Feeding egg shells to worm bins is very beneficial for worms, worm bedding and the resulting worm castings that will be
produced . Eggs are very popular and though after in many
households all around the globe. I love to cook and eggs are used in many of our dishes we enjoy. As a result we used to end up with large amounts of shells which in the olden days went straight into the trash bin to be discarded on a landfill. This all changed since I began to recycle organic materials in my worm bins. Initially I just collected lettuce leaves, breadcrumbs and some left overs from the kitchen to add to the worm bins but over the years I added more and more organic materials to the worm composting projects. Some years ago we started to recycle virtually every organic material that entered or was produced on our premises with the help of our compost worms. And contrary to many reports you might have read or heard
worms can consume nearly all natural materials as long as they are added to the bins in moderate amounts. This includes citrus peels as well. One problem that
needs to be considered is the fact that worms don't have any teeth and can only consume materials that are either soft and moist or small enough to fit into their mouth. That's why it is best to grind down the shells before you add them to your worm bin. This makes it very easy for the worms to feed on them. The shells are made of calcium carbonate which helps to keep the pH levels of the
bedding neutral and counteract any slow developing acidity problems that can regularly be observed in worm farms. Worm bedding and worm food that have become to acidic are one of the main causes of collapses of worm populations in worm bins as the sour material forces the worms to either leave the bin or die.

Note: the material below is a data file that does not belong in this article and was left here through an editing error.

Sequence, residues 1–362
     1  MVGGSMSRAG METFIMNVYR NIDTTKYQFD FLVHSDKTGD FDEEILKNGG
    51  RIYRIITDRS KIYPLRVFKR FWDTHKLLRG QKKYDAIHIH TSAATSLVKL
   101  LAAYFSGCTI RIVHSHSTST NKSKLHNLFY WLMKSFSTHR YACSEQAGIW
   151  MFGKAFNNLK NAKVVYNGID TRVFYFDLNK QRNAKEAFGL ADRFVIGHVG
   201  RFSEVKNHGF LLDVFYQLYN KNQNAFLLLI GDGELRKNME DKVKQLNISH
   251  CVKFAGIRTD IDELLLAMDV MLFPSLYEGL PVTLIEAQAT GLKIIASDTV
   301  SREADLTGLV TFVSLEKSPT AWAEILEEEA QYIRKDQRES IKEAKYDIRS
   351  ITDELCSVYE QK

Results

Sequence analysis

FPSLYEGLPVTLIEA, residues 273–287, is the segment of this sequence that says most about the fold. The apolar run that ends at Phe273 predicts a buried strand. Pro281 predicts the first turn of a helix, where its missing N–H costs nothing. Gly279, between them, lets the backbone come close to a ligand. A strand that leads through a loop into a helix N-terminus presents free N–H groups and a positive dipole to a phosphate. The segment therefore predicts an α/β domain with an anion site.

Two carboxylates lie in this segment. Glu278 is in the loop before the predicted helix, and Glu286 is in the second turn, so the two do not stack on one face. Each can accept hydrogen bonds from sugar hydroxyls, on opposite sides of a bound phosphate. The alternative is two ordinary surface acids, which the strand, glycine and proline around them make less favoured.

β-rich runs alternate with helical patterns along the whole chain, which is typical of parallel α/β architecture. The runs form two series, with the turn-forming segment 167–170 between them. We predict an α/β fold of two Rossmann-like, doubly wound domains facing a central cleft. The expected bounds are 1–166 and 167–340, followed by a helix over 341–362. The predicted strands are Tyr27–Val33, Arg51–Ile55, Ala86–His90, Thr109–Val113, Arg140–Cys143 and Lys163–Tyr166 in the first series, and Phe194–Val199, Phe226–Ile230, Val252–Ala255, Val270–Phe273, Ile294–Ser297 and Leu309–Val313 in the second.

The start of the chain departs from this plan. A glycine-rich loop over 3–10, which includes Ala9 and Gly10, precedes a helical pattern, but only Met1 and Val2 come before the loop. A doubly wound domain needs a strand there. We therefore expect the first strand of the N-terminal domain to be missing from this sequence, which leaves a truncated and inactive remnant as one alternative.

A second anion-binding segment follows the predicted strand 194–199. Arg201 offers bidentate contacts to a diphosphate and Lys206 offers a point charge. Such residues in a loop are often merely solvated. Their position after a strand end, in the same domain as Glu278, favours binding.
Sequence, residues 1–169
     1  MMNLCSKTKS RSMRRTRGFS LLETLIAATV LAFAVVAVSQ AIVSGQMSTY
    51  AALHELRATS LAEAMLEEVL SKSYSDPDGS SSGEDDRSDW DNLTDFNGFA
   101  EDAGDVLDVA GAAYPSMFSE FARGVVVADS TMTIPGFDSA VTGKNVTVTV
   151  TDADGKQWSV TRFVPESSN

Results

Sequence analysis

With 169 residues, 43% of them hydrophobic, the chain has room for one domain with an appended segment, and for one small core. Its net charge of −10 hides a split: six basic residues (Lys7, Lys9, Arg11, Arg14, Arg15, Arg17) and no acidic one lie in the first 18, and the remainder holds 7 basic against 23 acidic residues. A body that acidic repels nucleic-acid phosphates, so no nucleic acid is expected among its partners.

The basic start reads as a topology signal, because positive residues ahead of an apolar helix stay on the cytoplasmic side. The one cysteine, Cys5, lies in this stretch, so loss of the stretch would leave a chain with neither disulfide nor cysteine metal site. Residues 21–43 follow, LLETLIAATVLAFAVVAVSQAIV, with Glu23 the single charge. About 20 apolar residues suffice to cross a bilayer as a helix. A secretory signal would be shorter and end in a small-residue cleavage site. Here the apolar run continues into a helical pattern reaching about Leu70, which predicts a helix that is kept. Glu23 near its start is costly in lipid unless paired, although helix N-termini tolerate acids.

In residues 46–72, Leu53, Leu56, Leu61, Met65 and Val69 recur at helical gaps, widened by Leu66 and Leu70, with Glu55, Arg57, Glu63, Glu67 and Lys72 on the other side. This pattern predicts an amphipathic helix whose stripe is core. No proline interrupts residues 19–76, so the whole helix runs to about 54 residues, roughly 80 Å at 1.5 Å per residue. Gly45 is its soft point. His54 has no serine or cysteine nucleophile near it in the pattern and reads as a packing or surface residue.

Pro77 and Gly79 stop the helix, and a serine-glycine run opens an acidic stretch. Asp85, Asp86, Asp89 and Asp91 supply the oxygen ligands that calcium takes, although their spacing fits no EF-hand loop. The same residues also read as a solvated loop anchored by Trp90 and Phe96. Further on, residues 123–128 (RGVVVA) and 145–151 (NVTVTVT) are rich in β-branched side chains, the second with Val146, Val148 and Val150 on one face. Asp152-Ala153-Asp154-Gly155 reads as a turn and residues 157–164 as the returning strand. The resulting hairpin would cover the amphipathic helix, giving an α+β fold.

Agricultural limestone or in fact ground down shells of eggs lightly sprinkled over the surface of a worm bin act as a natural buffer against acidity build up in a worm
bin and help to increase the quality of the resulting worm castings. If you have a pH meter for soil or compost use it from time to time to read the pH level and if it is tending to drop below 6.5 add a little
ground calcium carbonate (egg shells) to the worm bin. The worms will process it in a few days and the positive effects of the shells which include as well valuable minerals will be added to the worm bedding and worm castings and keep the environment worm friendly. We hardly ever use pH meters but rather add some
ground egg shells about once a month to our worm bins and never had a problem with acid build up in our bins. Just remember to add them in moderation and they will help to keep your worm composting project on track.